The day Hammerin’ Hank was knocked off his throne by a Japanese superstar

On September 3, 1977, Yomiuri Giants’ Sadaharu Oh hit his 756th home run in Japan’s Nippon Professional Baseball, surpassing Hank Aaron for the most professional home runs of all-time.

Location: Tokyo, Japan

Facing a 3-2 pitch in the third inning against Yukalt Swallows pitcher Kojiro Suzuki, Sadaharu Oh blasted the ball over Tokyo’s Korakuan Stadium’s right field wall for the 756th home run of his professional career. The hit meant that the 37-year had bested the mark of 755 homers Hank Aaron set in 1976.

Oh’s dinger went a total of 328 feet. 25-year-old Miyoshi Furuya, who had bought tickets for five consecutive nights, braved a mob of fans to emerge with the home run ball.

A total of 55,000 saw the left-handed first baseman’s historic homer and chanted “banzai” to cheer their hero around the bases. Immediately following his achievement, games across the country paused to announce that the record had fallen. A videotaping of Aaron congratulating Oh played across televisions in Japan.

Japan’s Nippon Professional Baseball (NPB) is generally considered to be of lesser quality than Major League Baseball, which Aaron played in for the Milwaukee/Atlanta Braves and Milwaukee Brewers. However, Oh’s record was still an impressive tally nonetheless.

Oh had come up to bat 7,878 times in his career at the time he set the mark. Known for his “flamingo” leg kick where he reared back while holding his right leg up, Oh had previously a hit a NPB single-season record of 55 home runs in 1964.

I was relieved when I hit the home run. I knew it was a homer the instant I connected—it was a sinker.

Sadahura Oh
Holder of the world record for the most professional home runs


Thanks in part to Oh’s efforts, the Giants beat the visiting Swallows 8-1 that night. Yomiuri would go on to win the Central League pennant in 1977, but ultimately lost the Japan Series to the Hankyu Braves (now Orix Buffaloes).

As part of his rewards for claiming the record, Oh garnered a $75,500 bonus from Yomiuri and $3,775 from the Central League. He also received a four-door sedan from a Japanese automaker.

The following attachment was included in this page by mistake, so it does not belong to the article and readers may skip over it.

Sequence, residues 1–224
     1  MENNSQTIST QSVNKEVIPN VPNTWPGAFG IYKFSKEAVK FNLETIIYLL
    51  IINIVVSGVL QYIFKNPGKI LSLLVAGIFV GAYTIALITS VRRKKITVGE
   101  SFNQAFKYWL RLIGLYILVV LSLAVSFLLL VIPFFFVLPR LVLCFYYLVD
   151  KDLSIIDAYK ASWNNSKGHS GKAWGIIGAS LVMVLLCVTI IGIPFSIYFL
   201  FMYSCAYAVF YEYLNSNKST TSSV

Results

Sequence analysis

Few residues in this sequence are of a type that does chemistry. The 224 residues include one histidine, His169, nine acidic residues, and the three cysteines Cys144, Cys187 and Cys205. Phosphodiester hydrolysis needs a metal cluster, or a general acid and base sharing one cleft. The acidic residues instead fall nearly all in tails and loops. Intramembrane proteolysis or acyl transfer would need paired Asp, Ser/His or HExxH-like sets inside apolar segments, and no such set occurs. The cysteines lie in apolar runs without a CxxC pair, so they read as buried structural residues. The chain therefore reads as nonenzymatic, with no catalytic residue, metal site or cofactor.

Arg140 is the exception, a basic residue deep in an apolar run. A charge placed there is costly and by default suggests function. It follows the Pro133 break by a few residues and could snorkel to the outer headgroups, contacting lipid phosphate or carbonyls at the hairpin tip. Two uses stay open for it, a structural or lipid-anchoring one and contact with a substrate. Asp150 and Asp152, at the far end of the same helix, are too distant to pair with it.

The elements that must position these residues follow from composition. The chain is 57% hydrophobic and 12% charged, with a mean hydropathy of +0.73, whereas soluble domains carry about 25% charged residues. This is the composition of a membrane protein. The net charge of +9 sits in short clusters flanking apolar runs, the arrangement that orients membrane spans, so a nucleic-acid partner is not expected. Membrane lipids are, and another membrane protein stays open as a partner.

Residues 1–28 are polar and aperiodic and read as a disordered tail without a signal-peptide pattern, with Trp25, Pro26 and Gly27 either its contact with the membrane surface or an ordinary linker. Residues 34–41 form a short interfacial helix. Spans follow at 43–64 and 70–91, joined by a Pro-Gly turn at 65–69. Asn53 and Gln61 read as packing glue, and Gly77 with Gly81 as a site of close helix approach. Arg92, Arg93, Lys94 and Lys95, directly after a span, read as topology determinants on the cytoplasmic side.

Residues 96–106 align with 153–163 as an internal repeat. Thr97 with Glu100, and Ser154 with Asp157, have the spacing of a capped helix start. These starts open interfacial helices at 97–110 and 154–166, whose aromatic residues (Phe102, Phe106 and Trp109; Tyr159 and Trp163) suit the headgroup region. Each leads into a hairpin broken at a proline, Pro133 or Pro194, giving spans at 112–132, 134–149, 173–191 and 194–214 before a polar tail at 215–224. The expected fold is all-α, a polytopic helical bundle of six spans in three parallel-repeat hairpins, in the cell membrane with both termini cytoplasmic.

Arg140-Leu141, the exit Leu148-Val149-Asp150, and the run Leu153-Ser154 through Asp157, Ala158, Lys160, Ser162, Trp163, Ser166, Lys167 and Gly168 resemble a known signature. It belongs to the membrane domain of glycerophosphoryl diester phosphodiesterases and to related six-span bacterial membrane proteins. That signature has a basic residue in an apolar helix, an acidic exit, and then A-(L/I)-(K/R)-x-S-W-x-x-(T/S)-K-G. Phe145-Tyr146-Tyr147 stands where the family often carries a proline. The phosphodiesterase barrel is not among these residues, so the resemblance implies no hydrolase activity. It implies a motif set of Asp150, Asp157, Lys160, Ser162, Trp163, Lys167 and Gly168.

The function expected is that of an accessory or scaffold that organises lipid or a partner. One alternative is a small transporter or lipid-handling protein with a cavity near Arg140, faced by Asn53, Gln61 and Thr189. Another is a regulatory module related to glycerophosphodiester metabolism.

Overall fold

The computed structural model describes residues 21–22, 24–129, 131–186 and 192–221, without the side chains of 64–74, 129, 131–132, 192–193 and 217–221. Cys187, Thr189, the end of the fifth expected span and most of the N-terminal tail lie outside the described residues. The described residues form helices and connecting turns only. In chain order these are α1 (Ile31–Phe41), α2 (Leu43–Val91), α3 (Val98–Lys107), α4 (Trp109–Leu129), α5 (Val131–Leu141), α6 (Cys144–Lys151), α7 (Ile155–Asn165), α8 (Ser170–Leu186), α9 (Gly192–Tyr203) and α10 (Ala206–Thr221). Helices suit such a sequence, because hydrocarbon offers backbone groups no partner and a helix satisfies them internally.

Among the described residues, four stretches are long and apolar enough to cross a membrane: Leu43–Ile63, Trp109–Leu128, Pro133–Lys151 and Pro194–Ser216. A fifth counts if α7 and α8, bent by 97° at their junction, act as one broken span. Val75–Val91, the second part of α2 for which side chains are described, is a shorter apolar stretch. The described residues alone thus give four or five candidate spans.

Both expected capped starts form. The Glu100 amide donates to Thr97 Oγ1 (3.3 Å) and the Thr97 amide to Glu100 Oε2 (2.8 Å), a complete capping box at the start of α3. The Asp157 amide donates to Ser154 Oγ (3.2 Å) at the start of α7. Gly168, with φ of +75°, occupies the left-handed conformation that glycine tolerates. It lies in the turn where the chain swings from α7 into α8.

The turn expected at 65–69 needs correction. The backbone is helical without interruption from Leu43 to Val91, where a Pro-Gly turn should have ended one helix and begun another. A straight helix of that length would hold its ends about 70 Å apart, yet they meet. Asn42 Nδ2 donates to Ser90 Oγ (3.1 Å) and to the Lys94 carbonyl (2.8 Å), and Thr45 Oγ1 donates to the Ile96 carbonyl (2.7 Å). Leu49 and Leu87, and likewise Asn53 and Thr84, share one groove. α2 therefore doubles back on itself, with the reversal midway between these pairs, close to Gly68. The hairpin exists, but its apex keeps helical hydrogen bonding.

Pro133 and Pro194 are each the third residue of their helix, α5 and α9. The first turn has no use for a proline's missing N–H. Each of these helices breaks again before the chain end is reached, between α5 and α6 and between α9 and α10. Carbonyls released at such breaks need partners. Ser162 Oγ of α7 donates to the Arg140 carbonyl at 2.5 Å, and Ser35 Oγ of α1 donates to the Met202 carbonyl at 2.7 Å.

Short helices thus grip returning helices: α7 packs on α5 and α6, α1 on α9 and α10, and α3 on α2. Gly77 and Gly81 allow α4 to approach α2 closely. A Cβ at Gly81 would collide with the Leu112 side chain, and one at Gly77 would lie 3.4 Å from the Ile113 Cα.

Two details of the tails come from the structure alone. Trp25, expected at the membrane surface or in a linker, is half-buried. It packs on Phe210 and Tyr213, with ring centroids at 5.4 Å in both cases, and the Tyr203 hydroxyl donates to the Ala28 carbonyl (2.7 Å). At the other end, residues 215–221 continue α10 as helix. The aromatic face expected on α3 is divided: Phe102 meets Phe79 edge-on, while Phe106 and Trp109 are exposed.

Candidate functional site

Oh finished 1977 with 50 home runs and the Central League MVP title. He would play until 1980 and racked up a total of 868 home runs over the course of his 22-season career. His professional career total is still a world record as of 2019.

After hanging up his cleats, Oh managed the Giants from 1984 until 1988 and also the Japanese national team during the inaugural World Baseball Classic in 2006.

I would have loved to have been there tonight to put the crown on top of his head, because he certainly is quite a gentleman and the people of Japan have a lot to be proud of. I want to wish [Oh] the best of luck in the world. I know he’s capable of hitting a lot more home runs.

Hank Aaron
Baseball legend with 755 career home runs


You can watch footage of Oh’s 756th homer below, as well as the entire preceding at-bat:

Several trading cards dedicated to the historic moment have been released. It’s pretty cools to see this historic moment memorialized in trading card form. Here’s a shot of one, originally grabbed from some Yahoo! Japan Auctions:

Source: Japanese Baseball Cards.

And then a second card of the moment Oh reached first base:

Source: Japanese Baseball Cards.

Even if I die, I will not drop the ball, never, never.

Miyoshi Furuya
The fan who caught Oh’s 756th homer


  • Sadaharu Oh of the Yomiuri Giants in Japan’s Nippon Professional Baseball hit his 756th home run on September 2, 1977, setting a world record for the most home runs in a professional career.
  • Oh’s record passed Hank Aaron’s number of 755.
  • Oh finished his career in 1980 with 868 homers, which is still a world record.


Print (newspaper)